EU foreign policy chief Josep Borrell has pledged, on behalf of the entire European Union, to support African countries’ demands for more weight and representation in multilateral discussions.
“We have been discussing the continent as a geopolitical priority; our absolute determination to increase our dialogue and cooperation,” Borrell said.
“We will support Africa’s quest for a greater representation in multilateral fora,” he added at an informal meeting of EU foreign ministers in Brussels on Saturday.
Africa has become a renewed diplomatic battleground since Russia’s full-scale war against Ukraine began, with multiple countries on the continent aggressively courted by Russia and China as well as the West.
Russia’s Wagner mercenary group maintains a strong military presence in Africa, where it has partnered with several nations, including Mali and the Central African Republic.
Meanwhile, the last French troops withdrew from Niger in December, in the latest blow to more than a decade of French anti-jihadist operations in western Africa’s Sahel region.
It was the third time in less than 18 months that French troops were sent packing from a Sahel nation, following military takeovers in former colonies Mali and Burkina Faso. All three nations are battling a jihadist insurgency that erupted in northern Mali in 2012.
According to Borrell, “we have to rethink our approach to Africa to offer more cooperation, and to understand that the stability of the African states is part of our security.”
He added that this was not just about the Sahel region, which spans the continent as the transition zone between the Sahara desert and more humid southern countries.
Borrell said this was also about parts of Africa such as Sudan, the Horn of Africa – a large geopolitical region in East Africa – and Somalia.
SPAIN: LAND LINK TO AFRICA AND IMPORTANT EU PRESENCE
Spain is the only EU country that has a land border with Africa due to Ceuta and Melilla, two Spanish cities located in Northern Africa and surrounded by Moroccan territory.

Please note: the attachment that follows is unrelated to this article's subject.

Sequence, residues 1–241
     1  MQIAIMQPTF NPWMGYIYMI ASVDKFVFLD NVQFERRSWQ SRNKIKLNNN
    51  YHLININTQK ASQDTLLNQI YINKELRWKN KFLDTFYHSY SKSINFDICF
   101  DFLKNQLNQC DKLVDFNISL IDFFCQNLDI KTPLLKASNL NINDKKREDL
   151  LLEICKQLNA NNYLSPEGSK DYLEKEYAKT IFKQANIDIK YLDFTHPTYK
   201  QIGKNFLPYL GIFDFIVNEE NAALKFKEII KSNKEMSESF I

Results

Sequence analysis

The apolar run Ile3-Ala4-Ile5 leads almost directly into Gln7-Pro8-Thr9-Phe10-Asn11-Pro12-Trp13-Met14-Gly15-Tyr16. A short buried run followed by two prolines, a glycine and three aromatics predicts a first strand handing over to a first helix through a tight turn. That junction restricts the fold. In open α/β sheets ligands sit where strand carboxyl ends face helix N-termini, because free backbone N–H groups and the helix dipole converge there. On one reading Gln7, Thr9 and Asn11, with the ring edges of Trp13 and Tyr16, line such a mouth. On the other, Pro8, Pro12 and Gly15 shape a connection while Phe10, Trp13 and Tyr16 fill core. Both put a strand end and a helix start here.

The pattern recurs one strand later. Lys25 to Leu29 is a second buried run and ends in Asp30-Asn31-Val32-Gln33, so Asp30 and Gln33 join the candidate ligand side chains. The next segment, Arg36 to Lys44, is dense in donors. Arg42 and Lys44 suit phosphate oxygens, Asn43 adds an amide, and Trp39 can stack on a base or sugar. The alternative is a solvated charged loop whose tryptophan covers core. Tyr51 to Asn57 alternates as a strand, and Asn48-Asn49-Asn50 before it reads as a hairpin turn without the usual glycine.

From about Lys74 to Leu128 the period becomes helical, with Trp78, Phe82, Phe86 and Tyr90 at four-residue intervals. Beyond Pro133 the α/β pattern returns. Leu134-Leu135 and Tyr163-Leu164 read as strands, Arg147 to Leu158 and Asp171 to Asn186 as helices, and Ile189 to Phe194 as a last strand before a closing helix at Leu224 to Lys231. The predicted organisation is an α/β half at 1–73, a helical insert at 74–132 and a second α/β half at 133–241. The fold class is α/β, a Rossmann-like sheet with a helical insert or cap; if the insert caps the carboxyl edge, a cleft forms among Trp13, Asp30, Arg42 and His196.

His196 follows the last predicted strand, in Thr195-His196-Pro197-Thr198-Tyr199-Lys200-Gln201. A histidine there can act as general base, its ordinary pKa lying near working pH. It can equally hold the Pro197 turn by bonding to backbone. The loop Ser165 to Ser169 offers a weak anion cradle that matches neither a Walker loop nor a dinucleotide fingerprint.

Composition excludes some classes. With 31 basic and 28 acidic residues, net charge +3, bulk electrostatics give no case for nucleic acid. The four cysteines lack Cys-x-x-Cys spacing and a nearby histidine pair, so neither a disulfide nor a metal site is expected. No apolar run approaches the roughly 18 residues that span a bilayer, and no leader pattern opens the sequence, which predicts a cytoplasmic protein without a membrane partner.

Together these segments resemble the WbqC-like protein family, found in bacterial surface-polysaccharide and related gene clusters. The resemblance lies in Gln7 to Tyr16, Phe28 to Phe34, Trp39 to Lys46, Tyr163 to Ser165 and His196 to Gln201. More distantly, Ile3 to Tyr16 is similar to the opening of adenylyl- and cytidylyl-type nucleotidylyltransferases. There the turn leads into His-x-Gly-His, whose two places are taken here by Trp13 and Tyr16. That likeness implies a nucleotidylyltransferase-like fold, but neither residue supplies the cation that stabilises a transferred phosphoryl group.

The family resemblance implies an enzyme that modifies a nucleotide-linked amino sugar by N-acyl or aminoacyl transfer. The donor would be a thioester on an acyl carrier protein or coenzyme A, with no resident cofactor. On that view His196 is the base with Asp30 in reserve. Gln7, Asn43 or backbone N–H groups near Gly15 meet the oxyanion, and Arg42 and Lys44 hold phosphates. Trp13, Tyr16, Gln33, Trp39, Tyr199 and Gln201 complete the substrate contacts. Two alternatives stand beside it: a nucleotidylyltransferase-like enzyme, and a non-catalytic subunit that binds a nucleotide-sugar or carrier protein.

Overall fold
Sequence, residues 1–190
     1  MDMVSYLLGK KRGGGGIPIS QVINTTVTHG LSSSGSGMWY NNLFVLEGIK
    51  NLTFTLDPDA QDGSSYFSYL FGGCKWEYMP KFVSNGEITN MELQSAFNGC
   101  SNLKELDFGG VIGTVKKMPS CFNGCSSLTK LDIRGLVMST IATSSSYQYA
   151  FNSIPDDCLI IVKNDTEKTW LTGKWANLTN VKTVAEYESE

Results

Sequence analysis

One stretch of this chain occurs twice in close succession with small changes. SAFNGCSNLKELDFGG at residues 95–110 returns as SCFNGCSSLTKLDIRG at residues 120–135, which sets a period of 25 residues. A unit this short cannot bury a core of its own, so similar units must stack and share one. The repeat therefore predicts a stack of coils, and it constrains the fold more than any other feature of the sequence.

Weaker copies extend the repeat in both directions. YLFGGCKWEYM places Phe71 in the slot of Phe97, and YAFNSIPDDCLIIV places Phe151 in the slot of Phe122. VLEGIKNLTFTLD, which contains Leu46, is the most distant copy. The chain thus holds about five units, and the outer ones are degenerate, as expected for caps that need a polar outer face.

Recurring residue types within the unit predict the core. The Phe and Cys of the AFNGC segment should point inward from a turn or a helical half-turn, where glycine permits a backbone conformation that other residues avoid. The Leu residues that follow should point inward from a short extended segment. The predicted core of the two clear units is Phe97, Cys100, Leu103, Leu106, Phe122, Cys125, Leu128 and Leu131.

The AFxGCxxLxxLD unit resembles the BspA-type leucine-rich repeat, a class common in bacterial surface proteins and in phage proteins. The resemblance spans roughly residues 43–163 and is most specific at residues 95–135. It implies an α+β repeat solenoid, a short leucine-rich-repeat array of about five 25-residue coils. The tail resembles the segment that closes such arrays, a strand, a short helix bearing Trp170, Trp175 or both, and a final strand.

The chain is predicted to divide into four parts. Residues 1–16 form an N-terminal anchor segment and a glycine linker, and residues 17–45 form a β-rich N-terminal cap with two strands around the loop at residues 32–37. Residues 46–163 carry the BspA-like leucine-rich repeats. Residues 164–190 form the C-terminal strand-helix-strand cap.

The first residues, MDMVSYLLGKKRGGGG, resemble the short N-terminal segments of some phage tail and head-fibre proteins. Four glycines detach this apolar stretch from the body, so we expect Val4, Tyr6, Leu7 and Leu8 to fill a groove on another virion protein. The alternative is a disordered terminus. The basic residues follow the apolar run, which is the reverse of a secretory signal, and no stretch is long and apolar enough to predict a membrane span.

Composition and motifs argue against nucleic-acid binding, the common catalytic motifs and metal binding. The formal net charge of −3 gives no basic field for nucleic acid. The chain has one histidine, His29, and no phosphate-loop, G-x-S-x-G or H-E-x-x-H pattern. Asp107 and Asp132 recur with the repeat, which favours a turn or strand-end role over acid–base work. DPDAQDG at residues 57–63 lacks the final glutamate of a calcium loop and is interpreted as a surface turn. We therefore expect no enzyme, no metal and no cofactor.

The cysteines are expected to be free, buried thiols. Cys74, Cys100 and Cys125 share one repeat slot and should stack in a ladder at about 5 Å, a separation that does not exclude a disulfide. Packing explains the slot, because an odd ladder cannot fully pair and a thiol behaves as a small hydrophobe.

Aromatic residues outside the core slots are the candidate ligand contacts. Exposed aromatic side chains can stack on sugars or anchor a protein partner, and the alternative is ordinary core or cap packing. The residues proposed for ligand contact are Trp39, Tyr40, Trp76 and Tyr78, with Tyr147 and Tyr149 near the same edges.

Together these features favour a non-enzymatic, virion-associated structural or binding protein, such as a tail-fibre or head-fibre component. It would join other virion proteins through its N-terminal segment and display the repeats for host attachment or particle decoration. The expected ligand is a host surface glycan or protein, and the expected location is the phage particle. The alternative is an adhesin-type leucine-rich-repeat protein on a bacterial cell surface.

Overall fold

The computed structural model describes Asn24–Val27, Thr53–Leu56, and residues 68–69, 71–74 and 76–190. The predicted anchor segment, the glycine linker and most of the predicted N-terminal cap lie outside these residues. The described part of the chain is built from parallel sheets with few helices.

For Spain, relations with Morocco are essential for the stability of these two enclaves and also to guarantee the control of migratory routes from sub-Saharan Africa to the Iberian Peninsula and the rest of the EU.
Spanish Foreign Minister José Manuel Albares pointed to the Sahel region as “a priority area for Spain” and asked to maintain “the EU’s important presence” in that area.
“I will ask that we continue to maintain our support for ECOWAS, an indispensable regional organization,” Albares said, referring to the Economic Community of West African States.
Albares stressed that the EU must maintain humanitarian aid and support for democracy in countries “as important as Mauritania and Senegal, which are strategic partners for Europe and for Spain.”
IMPORTANCE OF ECONOMIC TIES HIGHLIGHTED WITH ECOWAS IN TROUBLE
German Development Minister Svenja Schulze is visiting western African leaders this week.
Her trip comes around a week after the juntas that rule Burkina Faso, Mali and Niger withdrew their countries from ECOWAS.
A military coup took place in Niger on July 26 last year, whereupon ECOWAS imposed sanctions and threatened military action.
ECOWAS consists of 15 member states, making it one of the largest regional economic communities in Africa. All three West African states have had their memberships suspended by ECOWAS.
Ahead of her departure, Schulze said that “free trade and visa-free travel have made life and business in West Africa much easier.”
She said she regrets the decision of the three states, but added that “the decision by sovereign states must be respected, even if it will entail many economic disadvantages.”